that preferences are quasilinear and, following Lapan and Moschini (2009), write the
utility function of the θ-type consumer as
strictly increasing and strictly concave function. Preferences for quality in equation
(3) are clearly of the VPD form: all consumers agree on the ranking of qualities
(and they would all buy the same quality if
all qualities were offered at the same price).
As in Mussa and Rosen (1978), utility is
linear in θv, implying that the marginal utility of quality is increasing in θ—this is the
monotonicity assumption of Champsaur
and Rochet (1989). However, the specification in equation (3) relaxes the common
unit demand assumption of VPD models,
postulating instead a continuous demand
responsiveness at the individual level.
Let the quality differential between
the two goods be h ≡ vH − vL > 0, and
without loss of generality let vL = 0 (so
that h = vH ). Given the utility function in
(3), the consumer of type θ will consume
only xG if (pG − θh) < pS , consume only
xS if (pG − θh) > pS , and be indifferent if
(pG − θh) = pS . Thus, the consumer with type
θ will consume only xG if θ > θ̂, will consume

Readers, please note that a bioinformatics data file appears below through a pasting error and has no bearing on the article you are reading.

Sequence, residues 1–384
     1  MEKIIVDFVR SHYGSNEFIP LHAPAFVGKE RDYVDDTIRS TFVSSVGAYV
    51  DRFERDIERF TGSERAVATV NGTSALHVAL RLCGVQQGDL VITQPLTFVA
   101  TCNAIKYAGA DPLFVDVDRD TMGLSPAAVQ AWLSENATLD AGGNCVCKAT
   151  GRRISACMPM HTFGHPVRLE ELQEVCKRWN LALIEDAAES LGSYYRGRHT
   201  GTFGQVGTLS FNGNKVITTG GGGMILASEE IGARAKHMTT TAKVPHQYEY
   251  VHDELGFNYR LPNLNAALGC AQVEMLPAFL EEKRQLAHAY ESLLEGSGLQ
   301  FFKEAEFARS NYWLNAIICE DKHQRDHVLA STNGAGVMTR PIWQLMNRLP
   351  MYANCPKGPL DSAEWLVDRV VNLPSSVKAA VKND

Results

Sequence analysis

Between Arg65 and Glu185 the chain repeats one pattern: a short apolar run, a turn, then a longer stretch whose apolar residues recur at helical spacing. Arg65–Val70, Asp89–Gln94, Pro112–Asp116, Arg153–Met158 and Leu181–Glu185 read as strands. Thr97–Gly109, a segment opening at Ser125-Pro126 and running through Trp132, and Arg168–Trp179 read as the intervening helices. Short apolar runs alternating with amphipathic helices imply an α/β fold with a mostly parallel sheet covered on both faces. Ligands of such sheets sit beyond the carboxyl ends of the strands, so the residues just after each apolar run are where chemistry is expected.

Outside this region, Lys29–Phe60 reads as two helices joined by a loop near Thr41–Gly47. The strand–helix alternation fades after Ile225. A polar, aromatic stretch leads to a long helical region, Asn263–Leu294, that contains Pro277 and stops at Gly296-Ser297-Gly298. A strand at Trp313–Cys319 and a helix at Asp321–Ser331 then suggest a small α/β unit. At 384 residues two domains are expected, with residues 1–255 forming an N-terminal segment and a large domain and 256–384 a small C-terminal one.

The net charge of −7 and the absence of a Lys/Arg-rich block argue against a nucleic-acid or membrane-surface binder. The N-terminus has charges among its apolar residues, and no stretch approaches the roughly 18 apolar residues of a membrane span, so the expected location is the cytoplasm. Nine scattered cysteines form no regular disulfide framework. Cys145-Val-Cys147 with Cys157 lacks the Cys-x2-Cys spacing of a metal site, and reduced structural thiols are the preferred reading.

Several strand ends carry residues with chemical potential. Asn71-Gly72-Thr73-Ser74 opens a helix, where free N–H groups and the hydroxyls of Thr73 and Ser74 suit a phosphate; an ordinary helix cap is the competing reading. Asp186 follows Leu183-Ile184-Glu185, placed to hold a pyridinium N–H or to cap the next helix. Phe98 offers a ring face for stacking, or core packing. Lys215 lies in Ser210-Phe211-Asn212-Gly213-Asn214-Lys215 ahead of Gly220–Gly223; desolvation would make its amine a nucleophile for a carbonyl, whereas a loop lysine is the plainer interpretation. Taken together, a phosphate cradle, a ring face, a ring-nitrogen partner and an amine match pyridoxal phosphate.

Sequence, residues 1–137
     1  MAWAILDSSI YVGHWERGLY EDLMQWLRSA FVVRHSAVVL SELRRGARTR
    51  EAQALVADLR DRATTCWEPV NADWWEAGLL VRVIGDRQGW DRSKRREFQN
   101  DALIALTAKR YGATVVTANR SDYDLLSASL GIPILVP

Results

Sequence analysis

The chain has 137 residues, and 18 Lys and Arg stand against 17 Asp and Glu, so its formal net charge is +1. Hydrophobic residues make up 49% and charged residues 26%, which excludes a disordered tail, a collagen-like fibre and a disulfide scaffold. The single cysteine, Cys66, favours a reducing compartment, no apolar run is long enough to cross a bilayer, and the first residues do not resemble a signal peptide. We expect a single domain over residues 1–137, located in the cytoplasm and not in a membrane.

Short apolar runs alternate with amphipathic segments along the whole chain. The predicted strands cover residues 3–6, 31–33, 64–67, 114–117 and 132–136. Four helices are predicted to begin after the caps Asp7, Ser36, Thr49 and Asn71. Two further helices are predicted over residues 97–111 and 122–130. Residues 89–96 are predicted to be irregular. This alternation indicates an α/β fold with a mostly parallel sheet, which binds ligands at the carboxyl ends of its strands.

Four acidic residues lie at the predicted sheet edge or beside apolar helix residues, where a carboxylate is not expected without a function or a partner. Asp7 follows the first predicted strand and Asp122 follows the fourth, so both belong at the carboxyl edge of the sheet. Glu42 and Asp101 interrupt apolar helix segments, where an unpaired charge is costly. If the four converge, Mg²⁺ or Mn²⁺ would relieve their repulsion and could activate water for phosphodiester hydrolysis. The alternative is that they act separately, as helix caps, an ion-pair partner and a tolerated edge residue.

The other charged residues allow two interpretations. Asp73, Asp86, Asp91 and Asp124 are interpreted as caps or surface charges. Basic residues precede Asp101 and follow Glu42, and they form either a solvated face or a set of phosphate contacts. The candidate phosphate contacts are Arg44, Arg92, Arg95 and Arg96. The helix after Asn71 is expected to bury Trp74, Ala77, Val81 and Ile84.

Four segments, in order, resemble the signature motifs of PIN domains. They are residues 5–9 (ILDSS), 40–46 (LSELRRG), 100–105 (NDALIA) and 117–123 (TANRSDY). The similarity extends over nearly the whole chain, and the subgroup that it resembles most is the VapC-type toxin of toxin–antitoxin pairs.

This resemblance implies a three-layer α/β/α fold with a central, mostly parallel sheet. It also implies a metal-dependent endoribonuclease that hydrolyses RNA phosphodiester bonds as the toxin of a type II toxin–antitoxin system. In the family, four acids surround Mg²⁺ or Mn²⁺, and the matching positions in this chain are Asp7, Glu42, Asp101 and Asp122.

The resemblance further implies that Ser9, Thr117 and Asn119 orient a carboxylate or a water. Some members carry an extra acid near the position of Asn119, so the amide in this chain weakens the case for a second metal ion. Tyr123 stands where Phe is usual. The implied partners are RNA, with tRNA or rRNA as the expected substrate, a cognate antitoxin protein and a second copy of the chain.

only xS if θ < θ̂, and will be indifferent if θ = θ̂,
where
pG − pS
(4)
θ̂ ≡ max 0, min
,1 .
h
Luisa Menapace and GianCarlo Moschini
1035
that of the G product, that is, S = G ≡ .
Consumers who only receive the message
{, vL } will associate quality vL with the
label, and consumers who only receive the
message {, vH } will associate quality vH with
the label. But what about consumers who
receive both messages? The presumption of
our model (consistent with the informative
advertising literature discussed earlier) is that
all promotional claims are truthful, which
is an attribute that we take to be common
knowledge. Hence, consumers who receive
both the {, vL } and {, vH } messages do
become aware that two products with quality
attributes exist, vL and vH , and learn that
the label identifies either good. However, consumers obviously remain unable
to distinguish which good is which based
on the label. When deciding whether or not
to purchase a good with the label , such a
consumer would need to form beliefs on the
quality v ∈ {vL , vH } that is to be expected.
Our assumption here is that a consumer in
such a situation randomly associates one of
the two qualities, with equal probability, with
any good labeled .7 Thus, when the two
labels S and G are identical, and given
the market reach of parameters ϕS and ϕG , a